In the opening scene of “Fleabag,” a wildly original and just plain wild tragicomedy from writer, director and star Phoebe Waller-Bridge, a young woman turns directly to the camera and describes her preparation for last-minute sex on a random Tuesday morning. Her breathless explanation is both amusing and quietly revealing — even while seeking her own pleasure, she is putting on a performance, for her partner, for us and even for herself. This woman, only referred to as Fleabag, will give plenty more performances before the series ends.
Fleabag’s day-to-day life is defined by chaos — she runs a failing café, chafes under the expectations of her overachieving sister Claire (Sian Clifford) and despises the budding romance between her dad (Bill Paterson) and godmother (a pitch-perfect Olivia Colman). Fleabag is constantly haunted by memories of her best friend Boo (Jenny Rainsford), who accidentally on purpose killed herself. Fleabag’s most dominant obsession is sex, and she damages relationships, both romantic and otherwise, with her tendency to turn the most mundane situations outrageously sexual.
“Fleabag” may sound like yet another show about a lost twenty-something, but the series quickly establishes its own formidable voice before going in some delightfully unexpected directions. This is largely thanks to Waller-Bridge herself, who excels at disorienting viewers both as a writer and performer. Even the most sordid punch lines land, partly because the jokes are so well crafted and partly because Waller-Bridge sells them with such easy charm. On screen, she exudes a natural glamour, both beautiful and unapproachable.
As in the first monologue, Fleabag often addresses the camera directly, offering either a quick observation or a bemused glance. She provides the kind of candor that the other characters cannot handle, and the audience becomes a sort of confidant, like a best friend reveling in devilish gossip over brunch. This device could be hackneyed or laborious, but it fits perfectly in “Fleabag,” giving clever insights into Fleabag’s actual feelings. It also feels weirdly astute about life in the social media age. Like an avid live-tweeter of “The Bachelor” or an especially adept finsta user, Fleabag analyzes her own experiences in real time, quickly packaging raw emotion for mass consumption.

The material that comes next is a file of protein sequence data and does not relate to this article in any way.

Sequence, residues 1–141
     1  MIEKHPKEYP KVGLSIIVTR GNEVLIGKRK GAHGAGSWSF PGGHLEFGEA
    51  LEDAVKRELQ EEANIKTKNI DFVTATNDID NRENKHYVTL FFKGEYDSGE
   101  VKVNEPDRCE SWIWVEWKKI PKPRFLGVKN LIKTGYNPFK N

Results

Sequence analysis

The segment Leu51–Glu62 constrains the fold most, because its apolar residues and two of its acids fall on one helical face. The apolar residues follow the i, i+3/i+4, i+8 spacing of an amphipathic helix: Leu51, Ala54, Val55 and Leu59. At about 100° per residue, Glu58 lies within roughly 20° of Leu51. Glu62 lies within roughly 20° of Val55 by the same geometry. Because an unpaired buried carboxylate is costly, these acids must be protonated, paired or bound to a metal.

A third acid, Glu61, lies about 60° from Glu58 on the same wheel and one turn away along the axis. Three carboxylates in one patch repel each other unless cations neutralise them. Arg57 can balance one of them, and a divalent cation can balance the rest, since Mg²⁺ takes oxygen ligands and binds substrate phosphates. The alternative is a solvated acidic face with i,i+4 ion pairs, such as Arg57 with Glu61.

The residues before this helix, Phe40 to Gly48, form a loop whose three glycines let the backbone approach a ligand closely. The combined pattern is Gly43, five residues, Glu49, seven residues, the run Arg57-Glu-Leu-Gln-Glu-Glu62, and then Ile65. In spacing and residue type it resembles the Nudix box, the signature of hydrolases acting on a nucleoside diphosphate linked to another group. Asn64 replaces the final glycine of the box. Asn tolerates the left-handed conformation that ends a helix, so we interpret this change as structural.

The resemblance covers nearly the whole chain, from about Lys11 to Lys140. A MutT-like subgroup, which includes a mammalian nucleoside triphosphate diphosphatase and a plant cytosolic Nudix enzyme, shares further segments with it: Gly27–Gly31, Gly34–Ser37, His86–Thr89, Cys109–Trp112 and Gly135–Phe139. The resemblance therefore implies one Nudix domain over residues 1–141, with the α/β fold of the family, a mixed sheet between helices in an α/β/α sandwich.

While “Fleabag” begins as a raucous sex farce, Waller-Bridge slowly unearths dark edges in Fleabag’s story. Soon, Fleabag’s irresponsible behavior and bizarre attitudes about sex feel more pathological than winningly roguish. Fleabag treats sexual experiences like some people treat “Sharknado” movies — sometimes it’s so bad it has to be good. But Waller-Bridge is unafraid to examine the unsettling implications of Fleabag’s behavior and draws smart parallels between female characters that all have their favorite forms of self-punishment. The series quietly turns into a trenchant character study that is both unflinching and empathetic.
To Binge or Not to Binge
From the first episode, “Fleabag” establishes a distinctive point-of-view and commits fully to its own twisted worldview. The humor is not for everyone — Waller-Bridge loves a pitch-black punch line and a bit of shock value — but for me, it hit the perfect balance, cutting but never cruel. “Fleabag” feels distinctive from typical sitcom fare — the editing, from Gary Dollner, establishes an appropriately off-kilter visual rhythm, and the screenplays are deceptively literary. (Waller-Bridge based the series off her own play of the same name.) Plus, fans of “The Favourite” can see Olivia Colman in a very different, but still thoroughly entertaining, performance. She just won a million awards, and she should win a million more.
Unfortunately, the ending of “Fleabag” is not as effective as the material before it. The final scene’s underbaked ideas about redemption feel especially glaring compared to the spiky, specific writing elsewhere in the series. After building to a satisfying climax, the final minutes sputter — it makes sense to have a shaggy conclusion, but I was hoping for a gut punch.
Still, “Fleabag” is well worth the effort, especially because, at six short episodes, it can easily be devoured as an afternoon snack (maybe like some salted caramels or jalapeno-flavored chewing gum). At one point, Fleabag says, “I have a horrible feeling that I’m a greedy, perverted, selfish, apathetic, cynical, depraved, morally bankrupt woman who can’t even call herself a feminist.” She’s probably right. May we get 20 more TV shows with characters just like her.
While later episodes go in some interesting directions, the pilot is a remarkably assured episode of television, immediately establishing the characters, developing the show’s core themes and including some truly hilarious scenes to boot.
“Girls,” “Catastrophe,” “Killing Eve,” “I Love Dick,” “Insecure,” “Chewing Gum” and “Casual”
“Fleabag” includes strong language, explicit sexual content, nudity and references to suicide and sexual assault.
The second season of the series is currently airing on BBC, but it is unavailable to stream in the U.S.
4 out of 5 stars
Available to stream on Amazon prime
6 episodes, about 2.5 hours total